Studies in crop variation VII. The influence of rainfall on the yield of barley at Rothamsted

A - Papers appearing in refereed journals

Wishart, J. and Mackenzie, W. A. 1930. Studies in crop variation VII. The influence of rainfall on the yield of barley at Rothamsted. The Journal of Agricultural Science. 20 (3), pp. 417-439.

AuthorsWishart, J. and Mackenzie, W. A.

The conclusions of an earlier study of the yield of dressed grain from Hoos Field over the period 1852–1921 are recalled, and the method of conducting an examination of the influence of rainfall on the yield is described. The method yields a series of curves showing at any given period of the year the benefit or loss to the final yield in bushels per acre due to an additional inch of rain over the average at that period. Thirteen plots are considered, and the curves are found to fall roughly into groups corresponding to the system of manuring adopted. The main effects noted are these: (1) Excess of rain is beneficial to the barley crop for a short period in summer, and, in the case of certain plots, over the autumn and winter period. This is in contrast to the corresponding result for wheat on Broadbalk, where excess of rain was found to be beneficial only on a few plots and over a very limited period. (2) Rainfall over the six months when the barley is not in the ground is just as important as rainfall in spring and summer, and the time at which the rain falls in winter is important. Excess of rain in autumn benefits plots 1–A, 3–A and 7–2, and in winter continues to benefit 1–A and 3–A. (3) The curves for 2–O and 2–A are essentially different in character from those of the other plots, and point to the important effect of excess of winter rain in reducing the yield of the plots having phosphate but no alkali salts (i.e. no potash, soda, magnesia). (4) Excess of rain at time of sowing is harmful in all cases. (5) The curves of the “O” series (without nitrogen) are much flatter than those of the “A” series, which have a nitrogenous dressing in addition. (6) The indication of summer benefit is not inconsistent with the conclusions of Hooker that a cool summer is desirable for barley. (7) The farmyard manure plot 7–2 bears certain resemblances to the curve for the corresponding plot 2 b on Broadbalk.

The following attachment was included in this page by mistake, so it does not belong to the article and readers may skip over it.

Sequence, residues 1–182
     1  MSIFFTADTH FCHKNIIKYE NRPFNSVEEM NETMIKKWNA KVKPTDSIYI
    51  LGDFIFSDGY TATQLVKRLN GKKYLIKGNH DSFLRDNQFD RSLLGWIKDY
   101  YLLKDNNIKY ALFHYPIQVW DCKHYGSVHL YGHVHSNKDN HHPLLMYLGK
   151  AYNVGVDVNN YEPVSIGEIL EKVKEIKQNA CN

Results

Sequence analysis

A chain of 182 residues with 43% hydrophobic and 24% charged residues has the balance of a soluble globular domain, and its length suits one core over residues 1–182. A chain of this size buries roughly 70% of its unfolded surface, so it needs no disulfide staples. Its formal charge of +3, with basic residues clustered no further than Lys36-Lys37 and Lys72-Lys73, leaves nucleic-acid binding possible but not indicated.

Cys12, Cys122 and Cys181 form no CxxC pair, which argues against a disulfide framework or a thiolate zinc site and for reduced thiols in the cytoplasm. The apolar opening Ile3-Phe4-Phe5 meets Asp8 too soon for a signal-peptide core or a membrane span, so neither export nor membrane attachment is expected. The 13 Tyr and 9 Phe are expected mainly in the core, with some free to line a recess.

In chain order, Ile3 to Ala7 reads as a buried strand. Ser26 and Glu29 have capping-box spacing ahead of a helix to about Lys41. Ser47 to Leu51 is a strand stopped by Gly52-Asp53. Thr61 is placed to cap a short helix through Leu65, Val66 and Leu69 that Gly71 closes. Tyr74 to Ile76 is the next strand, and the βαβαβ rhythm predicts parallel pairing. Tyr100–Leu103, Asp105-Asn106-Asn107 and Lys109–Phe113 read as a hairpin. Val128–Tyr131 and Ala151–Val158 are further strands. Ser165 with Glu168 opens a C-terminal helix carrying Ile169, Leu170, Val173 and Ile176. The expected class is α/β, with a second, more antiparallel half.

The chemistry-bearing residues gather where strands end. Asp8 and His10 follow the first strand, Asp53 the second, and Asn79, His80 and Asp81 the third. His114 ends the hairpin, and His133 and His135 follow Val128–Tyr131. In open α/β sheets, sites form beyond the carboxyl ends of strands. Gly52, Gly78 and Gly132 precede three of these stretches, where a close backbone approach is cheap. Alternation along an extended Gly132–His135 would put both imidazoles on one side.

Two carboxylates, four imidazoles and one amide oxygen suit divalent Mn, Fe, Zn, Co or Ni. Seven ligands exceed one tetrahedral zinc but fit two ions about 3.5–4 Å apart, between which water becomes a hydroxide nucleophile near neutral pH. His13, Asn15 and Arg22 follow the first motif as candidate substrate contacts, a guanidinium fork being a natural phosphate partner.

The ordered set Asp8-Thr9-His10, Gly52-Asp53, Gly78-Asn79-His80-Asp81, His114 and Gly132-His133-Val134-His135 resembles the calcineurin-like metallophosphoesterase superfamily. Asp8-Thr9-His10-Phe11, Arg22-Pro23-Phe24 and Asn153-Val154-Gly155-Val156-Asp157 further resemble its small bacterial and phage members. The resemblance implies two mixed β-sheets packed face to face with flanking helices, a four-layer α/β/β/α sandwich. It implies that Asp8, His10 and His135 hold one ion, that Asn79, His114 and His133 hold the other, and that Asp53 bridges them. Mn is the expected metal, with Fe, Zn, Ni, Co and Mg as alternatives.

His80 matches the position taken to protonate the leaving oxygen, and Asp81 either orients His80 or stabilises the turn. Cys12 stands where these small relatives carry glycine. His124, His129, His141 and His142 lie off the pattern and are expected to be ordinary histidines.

KeywordsLong term experiments
Year of Publication1930
JournalThe Journal of Agricultural Science
Journal citation20 (3), pp. 417-439
Digital Object Identifier (DOI)
Open accessPublished as non-open access
Output statusPublished
Publication dates
Print01 Jul 1930
PublisherCambridge University Press (CUP)
File Access Level

Permalink -

Restricted files


Under embargo indefinitely

12 total views
0 total downloads
0 views this month
0 downloads this month